The government has revealed the 10 areas where its controversial “Eat Out to Help Out” scheme was used most, two days after Boris Johnson said he would take “full responsibility” for decisions made during the pandemic.
Throughout August, when coronavirus infections were low, Eat Out to Help Out was chancellor Rishi Sunak’s flagship policy to boost an economy damaged by the first national lockdown.
On Mondays, Tuesdays and Wednesdays, diners in participating restaurants got a 50% discount on food and non-alcoholic drinks. The offer could be used on unlimited occasions.
Figures released by the government on Thursday showed just how popular the scheme was, with a total 106,533,154 discounted meals claimed across the UK on the 13 eligible days in August.
Following the winter COVID-19 crisis, however, Eat Out to Help Out has increasingly been blamed as one factor behind the increase in infections which began in September.
On Tuesday, after COVID deaths passed 100,000 in the UK, Boris Johnson promised to take “full responsibility for everything the government has done” during the pandemic, with the prime minister saying “we did everything we could” to restrict the virus.
Watch: Boris Johnson takes ‘full responsibility’ as UK deaths top 100,000
Here are the 10 parliamentary constituencies where the most meals were claimed in businesses with 25 or fewer outlets:
Cities of London and Westminster: 1,875,000
Manchester Central: 882,000
Liverpool, Riverside: 854,000
Birmingham, Ladywood: 800,000
Glasgow Central: 728,000
Holborn and St Pancras: 681,000
Bristol West: 618,000
Belfast South: 606,000
Bethnal Green and Bow: 587,000
Leeds Central: 534,000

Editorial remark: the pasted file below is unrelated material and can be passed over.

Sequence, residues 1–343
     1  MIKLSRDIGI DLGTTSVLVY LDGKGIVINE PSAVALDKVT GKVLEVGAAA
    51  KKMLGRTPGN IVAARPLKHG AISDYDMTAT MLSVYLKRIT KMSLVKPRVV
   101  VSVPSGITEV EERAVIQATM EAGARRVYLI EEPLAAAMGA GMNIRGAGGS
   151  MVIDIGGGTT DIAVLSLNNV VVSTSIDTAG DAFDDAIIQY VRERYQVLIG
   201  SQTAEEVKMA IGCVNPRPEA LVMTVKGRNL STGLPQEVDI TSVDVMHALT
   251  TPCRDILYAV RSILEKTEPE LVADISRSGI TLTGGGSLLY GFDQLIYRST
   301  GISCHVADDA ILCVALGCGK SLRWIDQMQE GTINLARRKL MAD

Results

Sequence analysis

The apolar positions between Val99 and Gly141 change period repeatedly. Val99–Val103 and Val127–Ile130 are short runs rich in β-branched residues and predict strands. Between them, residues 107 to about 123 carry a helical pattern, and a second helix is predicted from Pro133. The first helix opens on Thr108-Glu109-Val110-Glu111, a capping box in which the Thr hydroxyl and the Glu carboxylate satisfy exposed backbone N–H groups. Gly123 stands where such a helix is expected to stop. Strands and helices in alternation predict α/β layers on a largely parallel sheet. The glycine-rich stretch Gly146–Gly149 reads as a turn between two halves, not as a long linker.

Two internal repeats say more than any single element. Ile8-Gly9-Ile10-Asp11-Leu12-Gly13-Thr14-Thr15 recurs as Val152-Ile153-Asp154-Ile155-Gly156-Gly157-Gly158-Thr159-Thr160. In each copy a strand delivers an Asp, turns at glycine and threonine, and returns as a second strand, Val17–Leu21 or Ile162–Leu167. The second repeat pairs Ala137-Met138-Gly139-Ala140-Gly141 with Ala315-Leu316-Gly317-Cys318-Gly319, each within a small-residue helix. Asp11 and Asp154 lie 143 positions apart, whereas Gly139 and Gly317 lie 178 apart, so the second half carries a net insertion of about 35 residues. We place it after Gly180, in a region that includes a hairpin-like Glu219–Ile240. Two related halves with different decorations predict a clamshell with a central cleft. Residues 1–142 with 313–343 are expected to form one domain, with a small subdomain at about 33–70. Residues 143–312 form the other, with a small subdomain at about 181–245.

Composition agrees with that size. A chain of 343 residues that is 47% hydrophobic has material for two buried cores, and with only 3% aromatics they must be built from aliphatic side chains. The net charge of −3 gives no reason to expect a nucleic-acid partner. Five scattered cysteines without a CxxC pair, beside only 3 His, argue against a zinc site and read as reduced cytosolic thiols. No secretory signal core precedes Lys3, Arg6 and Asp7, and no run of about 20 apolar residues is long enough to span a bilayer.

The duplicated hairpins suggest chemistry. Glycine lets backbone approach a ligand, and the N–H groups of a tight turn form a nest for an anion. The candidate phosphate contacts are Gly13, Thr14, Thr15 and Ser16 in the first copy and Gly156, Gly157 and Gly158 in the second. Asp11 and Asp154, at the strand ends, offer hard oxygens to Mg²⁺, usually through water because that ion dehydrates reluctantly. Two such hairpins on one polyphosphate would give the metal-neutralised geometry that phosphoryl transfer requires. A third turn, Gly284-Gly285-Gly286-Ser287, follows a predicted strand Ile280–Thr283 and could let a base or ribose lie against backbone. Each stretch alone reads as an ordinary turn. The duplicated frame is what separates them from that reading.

On 30 October, research by the University of Warwick claimed between 8% and 17% of new COVID infection clusters could have been attributed to the scheme.
Dr Thiemo Fetzer, the report author, said at the time: “This strongly suggests that the link between Eat Out to Help Out and new COVID-19 infections is causal. When people were not dining out as part of the scheme there were fewer new cases of the virus.
“Eat Out to Help Out may in the end have been a false economy, one that subsidised the spread of the pandemic into autumn and contributed to the start of the second wave.”
The government is now facing criticism from MPs on both sides of the parliamentary divide.
At Prime Minister’s Questions on Wednesday, Labour’s Angela Eagle asked Johnson if he was “proud” of the scheme in light of the winter crisis.
And on Tuesday, senior Conservative backbencher Tobias Ellwood agreed Eat Out to Help Out contributed to the death toll – though he pointed out “tough decisions” are made by all governments “trying to balance tackling COVID-19 while keeping the economy open”.
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